UK work visas require minimum income over £30,000

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Finally, the UK is raising the minimum annual income for all visas, including the UK Care Visa Work Permit, is being increased. Daily Dazzling Dawn has published several news in the last few months about the imminent increase in the minimum income from a few months ago.

Figures due to be released this week suggest reform plans will require foreign workers seeking to enter the UK to earn salaries of more than £30,000 to maintain net immigration of around 500,000 a year.

Ministers are set to unveil proposals aimed at reducing net immigration by raising salary thresholds for skilled workers, the Telegraph reported. Currently, to find work in the UK, people outside of shortage occupations need to earn a minimum wage of £26,200, which is significantly below the average wage of £33,000.

The proposals, which have not yet been finalized, come ahead of net migration data for the year ending June 2023, which will be published this Thursday (23rd), and will see sustained levels well above Brexit-era levels.

Net immigration, which reflects the difference between people entering and leaving the UK, peaked at 637,000 in the year to September 2022, but has since fallen in the year to December 2022, decreased to 606,000.

This decline is thought to be due to an increase in immigration, including the return of international students and a decrease in the influx of Ukrainian refugees and Hong Kongers.

Experts believe the number could be around 500,000, higher than the 226,000 in 2019 and in line with the 2019 manifesto to reduce overall net migration. This far exceeds the government’s promise. This growth is driven by an influx of more than 1.4 million migrants a year, most from outside the EU, coming to the UK to work, study or flee conflict or repression.

Efforts to curb net immigration have been advocated by figures within the government, including Robert Jenrick, the immigration secretary, and Suella Braverman, before she was sacked as home secretary.

Mr Jenrick expressed concern in an interview last week that the government’s failure to reduce net immigration amounted to a “betrayal” of the British people.

Ministers have consistently urged businesses to prioritize training and hiring British workers rather than relying on foreign staff.

Jenrick highlighted three decades of high levels of net immigration and the public’s desire to control immigration. He criticized politicians for failing to introduce the immigration system that was expected.

He emphasised that following the UK’s exit from the European Union, control over migration was regained. He said, “But then we went on to betray the promise by failing to establish a system which significantly reduced levels of migration.” Urgent and comprehensive reform of the migration system was stressed as necessary by Jenrick.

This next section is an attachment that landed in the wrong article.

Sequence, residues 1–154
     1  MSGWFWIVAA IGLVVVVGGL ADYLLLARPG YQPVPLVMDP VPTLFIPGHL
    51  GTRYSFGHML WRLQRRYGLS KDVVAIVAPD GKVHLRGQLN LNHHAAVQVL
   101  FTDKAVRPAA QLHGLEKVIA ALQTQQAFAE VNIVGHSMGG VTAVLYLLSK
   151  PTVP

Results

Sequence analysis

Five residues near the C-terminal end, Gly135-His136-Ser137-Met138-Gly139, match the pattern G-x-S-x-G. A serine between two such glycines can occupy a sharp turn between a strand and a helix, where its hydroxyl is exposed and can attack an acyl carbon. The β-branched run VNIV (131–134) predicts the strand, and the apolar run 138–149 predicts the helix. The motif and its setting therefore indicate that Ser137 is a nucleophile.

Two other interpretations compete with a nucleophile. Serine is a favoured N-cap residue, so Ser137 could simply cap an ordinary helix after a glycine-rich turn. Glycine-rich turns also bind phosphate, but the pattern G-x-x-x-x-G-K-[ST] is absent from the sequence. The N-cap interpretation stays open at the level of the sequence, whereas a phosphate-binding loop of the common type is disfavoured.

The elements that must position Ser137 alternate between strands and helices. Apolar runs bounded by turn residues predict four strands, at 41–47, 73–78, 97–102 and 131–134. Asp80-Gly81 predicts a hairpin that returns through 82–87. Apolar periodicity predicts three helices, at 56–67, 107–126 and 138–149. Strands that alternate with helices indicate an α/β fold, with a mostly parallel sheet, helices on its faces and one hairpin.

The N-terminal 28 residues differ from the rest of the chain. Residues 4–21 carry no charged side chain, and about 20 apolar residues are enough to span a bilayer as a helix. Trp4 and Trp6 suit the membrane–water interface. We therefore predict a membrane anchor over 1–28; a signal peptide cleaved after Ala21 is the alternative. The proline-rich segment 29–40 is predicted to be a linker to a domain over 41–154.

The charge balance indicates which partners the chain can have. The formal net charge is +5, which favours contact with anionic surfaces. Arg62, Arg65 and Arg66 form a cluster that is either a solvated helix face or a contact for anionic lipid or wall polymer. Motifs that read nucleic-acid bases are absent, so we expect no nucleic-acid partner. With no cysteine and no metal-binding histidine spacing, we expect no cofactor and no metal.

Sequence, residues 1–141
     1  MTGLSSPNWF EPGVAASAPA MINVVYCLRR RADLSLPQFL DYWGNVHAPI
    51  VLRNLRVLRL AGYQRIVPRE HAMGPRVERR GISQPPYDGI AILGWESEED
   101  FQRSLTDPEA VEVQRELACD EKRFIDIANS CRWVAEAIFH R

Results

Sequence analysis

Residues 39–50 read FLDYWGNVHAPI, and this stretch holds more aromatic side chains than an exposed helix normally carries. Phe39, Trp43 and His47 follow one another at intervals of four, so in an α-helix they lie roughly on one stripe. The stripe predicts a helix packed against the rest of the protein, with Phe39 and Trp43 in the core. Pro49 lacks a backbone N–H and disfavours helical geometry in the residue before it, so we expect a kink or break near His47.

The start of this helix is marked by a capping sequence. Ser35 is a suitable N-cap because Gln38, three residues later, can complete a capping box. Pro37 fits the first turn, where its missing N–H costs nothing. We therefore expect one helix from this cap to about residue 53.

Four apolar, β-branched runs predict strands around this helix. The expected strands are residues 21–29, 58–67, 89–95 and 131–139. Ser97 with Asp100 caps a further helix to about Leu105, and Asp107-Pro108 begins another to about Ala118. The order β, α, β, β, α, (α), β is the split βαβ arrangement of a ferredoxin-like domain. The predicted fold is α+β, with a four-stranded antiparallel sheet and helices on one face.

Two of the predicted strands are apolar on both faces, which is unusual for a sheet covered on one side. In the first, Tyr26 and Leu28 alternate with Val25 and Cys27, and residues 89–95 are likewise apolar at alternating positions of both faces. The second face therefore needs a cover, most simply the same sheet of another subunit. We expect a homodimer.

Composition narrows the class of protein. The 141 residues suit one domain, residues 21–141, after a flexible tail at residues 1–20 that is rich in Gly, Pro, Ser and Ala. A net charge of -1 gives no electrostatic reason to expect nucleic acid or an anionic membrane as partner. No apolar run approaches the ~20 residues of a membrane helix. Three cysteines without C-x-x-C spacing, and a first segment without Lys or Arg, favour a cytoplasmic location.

Currently under consideration is a potential ministerial agreement to increase the pay scale for skilled workers to an average wage of around £33,000. Details of limits on the number of foreign carers, currently 120,000 a year, and restrictions on immigrants bringing family members to the UK are still unclear.

Rishi Sunak reportedly opposes further restrictions on international students. He particularly opposed the introduction of further restrictions beyond the ban on graduate students and research-oriented graduate students from being accompanied by relatives.

This reluctance is due to concerns that it will discourage talented people who can contribute to economic growth. Earlier this year, a report by the New Conservative Group, made up of right-wing Tory MPs, advocated raising the salary threshold for skilled workers to £38,000, an adjustment that would reduce the number of immigrants by 54,000 a year. He argued that there is a possibility that the number of people will decrease.


The University of Oxford Migration Observatory stressed that the criteria were not adjusted for inflation. If ministers had adjusted it to reflect wage increases, it would now be around £30,000. The report suggests that private companies will primarily face the impact of salary increases.

However, questions have been raised about the reduction in salary limits for nursing staff in particular, as they are classified as shortage occupations.

Barrister Shuvagata Dey, Managing Partner of Lexpert Solicitors LLP in London, told Daily Dazzling Dawn on Monday evening, If the minimum income for all work visas in Britain is increased to more than thirty thousand, it will be bit difficult, especially for Bangladeshi workers and restaurant owner employers.


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Daily Dazzling Dawn is the first and only international and non-profitable newspaper, which is 100% ownership of professional journalists from Bangladeshi origin with 20 years of experience in global journalism. The main aim of the newspaper is promoting ethical journalism with truth, accuracy and proficiency.

Editor in Chief

Dulal Ahmed Chowdhury

Dulal Ahmed Chowdhury is the Editor of The Daily Dazzling Dawn. Previously, he has been serving in important positions in all the famous national dailies of the Bangladesh since the nineties. He has played a commendable role in journalism by participating in various events at the national and international levels. United Nations Conference, World Climate Conference, SAARC Summit are notable among them.

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